The season is obsessed with violence and politics and power and the Doctor’s strange ability to accrue large body counts while nominally remaining a pacifist. Like the last year of Peter Davison’s tenure, there’s a sense that the show doesn’t really like its protagonist. Attack of the Cybermen seems willing to trade him for a murderous sociopath. Still, there’s the nugget of an interesting idea there; it’s telling that the revived series would explore some of these ideas in a more insightful and intelligent manner.

However, Vengeance on Varos and Revelation of the Daleks stand apart from the rest of the season because they explore these issues with nuance and sophistication. Vengeance on Varos is wicked social satire that still stings today, an indictment of reality television that was broadcast almost two decades before the format took over television.

It's okay, the audience seems to actually like this one...

It’s okay, the audience seems to actually like this one…

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Doctor Who: Warriors of the Deep (Review)

To celebrate the fiftieth anniversary of the longest-running science-fiction show in the world, I’ll be taking weekly looks at some of my own personal favourite stories and arcs, from the old and new series, with a view to encapsulating the sublime, the clever and the fiendishly odd of the BBC’s Doctor Who.

Warriors of the Deep originally aired in 1984.

“Release the Myrka.”

– three words to create dread in even the toughest Doctor Who fan

I’ve always been somewhat less fond of Johnny Byrne’s Doctor Who than most fans. I can never, for example, understand the high esteem generally reserved for The Keeper of Traken (although it is a better story than Logopolis), and I really disliked Arc of Infinity. So I suspect some of the problems with Warriors of the Deepwere quite fundamental. However, there’s also a sense that those flaws were only exaggerated by a combination of other factors, including a low budget, a tight schedule and a script editor who believed an adventure’s pathos could be measured by its bodycount.

Everybody's dead, Davison...

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Doctor Who: Enlightenment – Special Edition (Review)

To celebrate the fiftieth anniversary of the longest-running science-fiction show in the world, I’ll be taking weekly looks at some of my own personal favourite stories and arcs, from the old and new series, with a view to encapsulating the sublime, the clever and the fiendishly odd of the BBC’s Doctor Who.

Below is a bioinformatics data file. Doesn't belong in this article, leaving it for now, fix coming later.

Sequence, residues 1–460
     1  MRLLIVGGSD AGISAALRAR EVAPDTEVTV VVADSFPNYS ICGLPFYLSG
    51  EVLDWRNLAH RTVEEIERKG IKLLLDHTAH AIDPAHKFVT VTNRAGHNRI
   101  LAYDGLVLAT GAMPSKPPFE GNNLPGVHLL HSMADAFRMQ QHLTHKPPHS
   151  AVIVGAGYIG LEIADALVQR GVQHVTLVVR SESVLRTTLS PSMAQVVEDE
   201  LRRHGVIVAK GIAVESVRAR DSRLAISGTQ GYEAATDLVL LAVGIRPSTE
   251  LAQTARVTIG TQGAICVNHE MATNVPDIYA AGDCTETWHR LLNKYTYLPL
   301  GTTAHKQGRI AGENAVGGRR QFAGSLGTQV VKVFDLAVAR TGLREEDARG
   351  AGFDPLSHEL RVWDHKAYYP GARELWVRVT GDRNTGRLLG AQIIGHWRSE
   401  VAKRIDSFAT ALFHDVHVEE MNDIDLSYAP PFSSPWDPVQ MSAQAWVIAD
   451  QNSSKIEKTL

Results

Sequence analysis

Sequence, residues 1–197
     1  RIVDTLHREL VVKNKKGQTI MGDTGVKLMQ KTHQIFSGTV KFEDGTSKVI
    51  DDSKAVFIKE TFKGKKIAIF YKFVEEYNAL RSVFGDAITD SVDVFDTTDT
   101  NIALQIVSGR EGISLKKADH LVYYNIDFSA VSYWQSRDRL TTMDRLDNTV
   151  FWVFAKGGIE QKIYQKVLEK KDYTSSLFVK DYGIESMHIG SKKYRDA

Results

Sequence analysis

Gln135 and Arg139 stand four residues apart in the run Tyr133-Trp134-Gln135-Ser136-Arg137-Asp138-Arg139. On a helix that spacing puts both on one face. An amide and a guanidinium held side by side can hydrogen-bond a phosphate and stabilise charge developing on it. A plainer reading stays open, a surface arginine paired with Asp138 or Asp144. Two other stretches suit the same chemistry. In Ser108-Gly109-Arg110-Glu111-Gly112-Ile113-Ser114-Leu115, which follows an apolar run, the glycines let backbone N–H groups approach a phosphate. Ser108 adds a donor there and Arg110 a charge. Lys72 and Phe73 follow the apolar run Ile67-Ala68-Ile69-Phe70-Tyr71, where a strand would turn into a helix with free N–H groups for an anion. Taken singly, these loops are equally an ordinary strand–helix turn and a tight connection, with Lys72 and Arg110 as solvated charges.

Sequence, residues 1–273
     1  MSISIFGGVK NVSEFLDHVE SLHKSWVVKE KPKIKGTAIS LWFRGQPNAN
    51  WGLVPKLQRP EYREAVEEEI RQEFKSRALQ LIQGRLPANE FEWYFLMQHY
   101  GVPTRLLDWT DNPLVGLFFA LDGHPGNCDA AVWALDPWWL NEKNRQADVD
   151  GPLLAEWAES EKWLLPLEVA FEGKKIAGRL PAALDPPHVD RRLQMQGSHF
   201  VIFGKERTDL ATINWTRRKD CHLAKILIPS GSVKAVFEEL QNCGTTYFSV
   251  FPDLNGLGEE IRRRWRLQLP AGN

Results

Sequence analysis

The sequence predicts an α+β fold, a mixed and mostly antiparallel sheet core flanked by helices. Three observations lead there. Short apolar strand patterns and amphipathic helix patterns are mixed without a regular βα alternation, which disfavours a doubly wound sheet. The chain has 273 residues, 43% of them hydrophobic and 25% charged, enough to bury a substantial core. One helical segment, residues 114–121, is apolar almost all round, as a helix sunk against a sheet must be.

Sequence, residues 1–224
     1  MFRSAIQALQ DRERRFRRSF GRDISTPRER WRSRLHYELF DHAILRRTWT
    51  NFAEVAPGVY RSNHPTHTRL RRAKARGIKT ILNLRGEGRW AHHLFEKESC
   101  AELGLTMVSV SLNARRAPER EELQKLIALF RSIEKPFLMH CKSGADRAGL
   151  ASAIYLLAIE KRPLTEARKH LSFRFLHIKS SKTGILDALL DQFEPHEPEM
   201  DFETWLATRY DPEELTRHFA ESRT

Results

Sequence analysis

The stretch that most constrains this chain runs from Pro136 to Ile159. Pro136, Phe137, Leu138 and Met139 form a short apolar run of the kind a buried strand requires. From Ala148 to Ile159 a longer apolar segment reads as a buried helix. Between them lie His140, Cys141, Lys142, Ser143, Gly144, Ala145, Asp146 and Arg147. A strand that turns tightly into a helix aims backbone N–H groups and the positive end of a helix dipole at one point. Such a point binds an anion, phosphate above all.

Enlightenment originally aired in 1983. It was the third and final instalment in the Black Guardian Trilogy.

Enlightenment is easily among the very best adventures to feature Peter Davison in the role of the Doctor. It helps that it has a story that seems to perfectly suit his version of the character, one that’s arguably more cerebral and fanciful than it is dark and horrific or adventurous and action-packed. Enlightenment features one of the most quintessentially British storylines in Doctor Who, capturing the quirky appeal of the series almost perfectly, with a boat race in space… with pirates! It’s fun, it’s clever and the special effects aren’t ground-breaking, but they’re stylish enough to pull it off.

No matter how you cut it, Enlightenment is a win.

Sailing into the sunset...

Sailing into the sunset…

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Doctor Who: Mawdryn Undead (Review)

To celebrate the fiftieth anniversary of the longest-running science-fiction show in the world, I’ll be taking weekly looks at some of my own personal favourite stories and arcs, from the old and new series, with a view to encapsulating the sublime, the clever and the fiendishly odd of the BBC’s Doctor Who.

Mawdryn Undead originally aired in 1983. It was the first instalment in the Black Guardian Trilogy.

Oh look, it’s all a long time ago, Doctor. I mean, surely what’s past is —

Very much in the present, Brigadier. You never did understand the interrelation of time.

– Brigadier and the Doctor have a bit of time travel trouble

Mawdryn Undead is a bit of a strange beast. It’s written by director Peter Grimwade, who last wrote the script for the unbelievably bad Time-Flight, which is a serious contender for the worst Doctor Who adventure of the eighties – no small accomplishment in a decade that gave us The Twin Dilemma and Timelash. Still, Mawdryn Undead is an entertaining little romp with a clever central concept that is somewhat overshadowed by the fact that Grimwade seems to have been given a laundry-list of tasks to accomplish with his script. With the serial featuring the Brigadier, introducing Turlough and kick-starting The Black Guardian trilogy, you can understand why the rather nifty little time-travel story tends to get overshadowed a bit.

Faithful companion?